Path forward
To increase the adoption of smartphones for financial activities, banks and merchants need to make sure that a mobile application is available for the customers. As consumers become more digitally apt and prefer convenient processes, merchants and banks need to be ahead on the innovation curve to offer the latest mobile offering. Below are a few areas for merchants to review:

  • Are you marketing mobile capabilities across the relevant channels that will reach the key demographics, including the older generation, which is slow on the adoption curve?

  • Is your mobile application user friendly and does it provide easy-to-use interfaces for all age groups?

  • With regulations and security compliance (e.g., PCI, PII, PSD2) in place for digital transactions, are merchants educating consumers on the security of digital transactions and what efforts are being taken to prevent fraudulent transactions and security breaches?

Trend #3:

Cashless preference over cash transactions

With the advent of contactless solutions and mobile banking, we wanted to assess where people stood with their preferred way to send and receive money. When asked about their preferences, more than 40 percent preferred mobile applications to make the transfer. On probing further, we found that mobile application preferred for money transfers was Venmo, followed by PayPal, Zelle, and CashApp.

Reviewing the results across demographics, it seemed that as we moved up the age groups, the preference for mobile banking narrowed.

  • Almost three out of four people aged 18–29 years preferred mobile applications to cash for money transfers.
  • People aged 60-plus years did not show a strong affinity to mobile banking and still preferred cash, checks, and money orders as a form of payment. Possible explanations for using cash are limiting overspending, protection against fraud, and real-time payments with no lag for settlements.

Path forward
1. Real-time settlements and instant payments:

Going completely cashless may take more time than we think, as cash is still a preferred means of payment for a quarter of those surveyed. One area that can improve mobile adoption is offering a way to settle electronic payments in real time as opposed to a lag in settlements. The US has been behind a few countries to offer real-time payment and settlement capabilities, although the Federal Reserve is projecting to launch its anticipated real-time solution “FedNow” by 2023, which is currently under pilot. This solution will enable instant payments across various payment channels.

2. Omnichannel for financial inclusion:

Merchants should continue to offer omnichannel payment capabilities that are inclusive of all payment methods, including cash. One reason for being inclusive of all payments is that there is still a significant percentage of the US population that is unbanked and underbanked. According to a 2019 Federal Reserve report, about 22 percent of American adults (~63 million) are either unbanked or underbanked.1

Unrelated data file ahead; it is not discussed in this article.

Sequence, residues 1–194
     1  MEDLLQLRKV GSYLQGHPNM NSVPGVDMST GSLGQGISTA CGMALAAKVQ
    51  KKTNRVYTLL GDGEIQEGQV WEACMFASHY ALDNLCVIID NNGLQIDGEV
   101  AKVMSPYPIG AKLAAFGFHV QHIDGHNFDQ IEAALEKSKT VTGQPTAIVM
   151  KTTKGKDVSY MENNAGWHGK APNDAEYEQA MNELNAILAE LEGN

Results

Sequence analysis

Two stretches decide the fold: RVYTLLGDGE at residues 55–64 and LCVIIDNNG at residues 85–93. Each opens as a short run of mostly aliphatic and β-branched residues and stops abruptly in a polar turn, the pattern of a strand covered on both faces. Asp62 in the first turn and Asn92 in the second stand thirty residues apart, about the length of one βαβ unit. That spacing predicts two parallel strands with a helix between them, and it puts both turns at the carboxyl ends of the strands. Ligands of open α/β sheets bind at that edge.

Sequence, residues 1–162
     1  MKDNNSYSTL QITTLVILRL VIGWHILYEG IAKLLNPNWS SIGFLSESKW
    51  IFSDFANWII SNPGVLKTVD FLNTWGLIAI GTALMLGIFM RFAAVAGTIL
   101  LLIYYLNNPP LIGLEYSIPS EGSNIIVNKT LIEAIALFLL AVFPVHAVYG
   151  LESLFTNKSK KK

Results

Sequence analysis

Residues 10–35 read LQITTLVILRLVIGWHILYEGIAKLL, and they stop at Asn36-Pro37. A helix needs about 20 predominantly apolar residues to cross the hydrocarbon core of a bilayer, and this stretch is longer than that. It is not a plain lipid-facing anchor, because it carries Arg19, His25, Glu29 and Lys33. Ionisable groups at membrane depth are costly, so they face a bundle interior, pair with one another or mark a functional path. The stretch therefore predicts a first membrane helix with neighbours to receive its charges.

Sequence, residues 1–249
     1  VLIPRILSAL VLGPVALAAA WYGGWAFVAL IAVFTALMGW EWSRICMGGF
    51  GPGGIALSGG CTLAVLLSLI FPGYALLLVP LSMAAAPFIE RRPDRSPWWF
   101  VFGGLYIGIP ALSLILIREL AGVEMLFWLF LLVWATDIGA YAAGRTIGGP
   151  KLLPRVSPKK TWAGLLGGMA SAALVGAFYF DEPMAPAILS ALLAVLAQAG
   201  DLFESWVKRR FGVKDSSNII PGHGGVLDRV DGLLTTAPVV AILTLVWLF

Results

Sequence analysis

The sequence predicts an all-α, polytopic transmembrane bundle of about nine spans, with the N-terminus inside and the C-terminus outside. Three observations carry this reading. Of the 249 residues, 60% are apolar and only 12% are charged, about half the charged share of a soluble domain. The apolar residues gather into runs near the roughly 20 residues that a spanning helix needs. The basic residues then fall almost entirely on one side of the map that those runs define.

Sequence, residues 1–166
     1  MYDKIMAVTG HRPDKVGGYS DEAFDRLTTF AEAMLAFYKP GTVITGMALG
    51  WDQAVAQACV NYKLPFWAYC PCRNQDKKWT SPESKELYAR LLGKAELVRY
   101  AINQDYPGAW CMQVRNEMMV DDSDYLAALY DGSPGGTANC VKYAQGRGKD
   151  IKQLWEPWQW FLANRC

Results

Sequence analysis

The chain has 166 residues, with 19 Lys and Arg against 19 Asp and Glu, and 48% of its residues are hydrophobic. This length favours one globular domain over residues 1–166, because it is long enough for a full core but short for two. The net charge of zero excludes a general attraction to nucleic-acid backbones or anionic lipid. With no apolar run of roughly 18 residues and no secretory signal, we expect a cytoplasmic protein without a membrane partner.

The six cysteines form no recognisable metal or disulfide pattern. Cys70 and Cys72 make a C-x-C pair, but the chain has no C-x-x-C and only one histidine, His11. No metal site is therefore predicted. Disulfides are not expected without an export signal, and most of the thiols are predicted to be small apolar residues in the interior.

• Unbanked are people who either have no access to a traditional bank or do not use a bank in any capacity. These individuals use cash and/or prepaid cards.
  • Underbanked individuals are those who do have a bank account but rely on traditional forms of payment such as money orders and/or checks. These individuals do not hold a credit card due to their low credit scores, high-risk profile, or preference for other forms of payment.

Trend #4:

Virtual Payment Currencies Face a Significant Adoption Curve

Cryptocurrencies are at the forefront when people think of the next big wave in the payments world. Although people in the payments and banking world have a clear idea of how crypto works, we used this survey to gather a consumer’s viewpoint on Bitcoin. We asked consumers how familiar they are with Bitcoin and found that more than 70 percent had heard of Bitcoin but had no idea how it worked.

We probed the respondents further to get a sense of their take on Bitcoin being the future form of payment. About half of the respondents indicated that they will not use Bitcoin, the other half were not sure of using Bitcoin, and only six percent of respondents were likely to use Bitcoin.

Reviewing the responses across demographics, we found that the younger generations aged 18–29 and 30–44 seemed to be better aware of digital currencies and how it worked. As we moved up the age groups, the awareness levels dropped — with a higher percentage of people sharing that they have heard of Bitcoin but are not sure how it works. We also saw that the preference for using Bitcoin as a future form of payment declined as we moved up the age group. This is in line with other findings when we see the older generations sticking to the traditional forms of payment as opposed to adapting to innovations such as contactless pay.

Path forward
When it comes to cryptocurrencies, there are a lot of strong opinions from merchants, banks, and industry influencers. A challenge exists to ensure that these currencies are used for legitimate purposes. Problems arise due to the sheer anonymity of transactions, leading to illicit activities that are hard to trace. Strong regulations are needed around this ecosystem, but since these currencies span countries and borders, enforcing a regulation globally is a challenge.

Another aspect is the public nature of the distributed ledger, which can make people uncomfortable having their transactions visible to the public even though their identities cannot be directly tied to these transactions.

Among consumers, the sheer lack of education will be the biggest roadblock to adoption.

  • Do consumers know how they can purchase virtual currencies? What are the genuine channels where Bitcoin can be purchased? What products do consumers need to be aware of to protect their crypto credentials? How do they make sure that their transactions are secure and private?

Conclusion  As of today, we are at a turning point in the payments landscape, with capabilities such as mobile application, contactless pay, and virtual currencies all available to consumers over the past decade. As we move into these innovative forms of payment, we will continue to see a trend with the younger generations leaning toward the digital, innovative forms of payment and moving away from the cash form of transaction. However, that does not mean we completely retire the traditional forms of payment. Digital adoption among the older generation is low, and these groups will most likely continue to trend toward the traditional forms of banking and payments.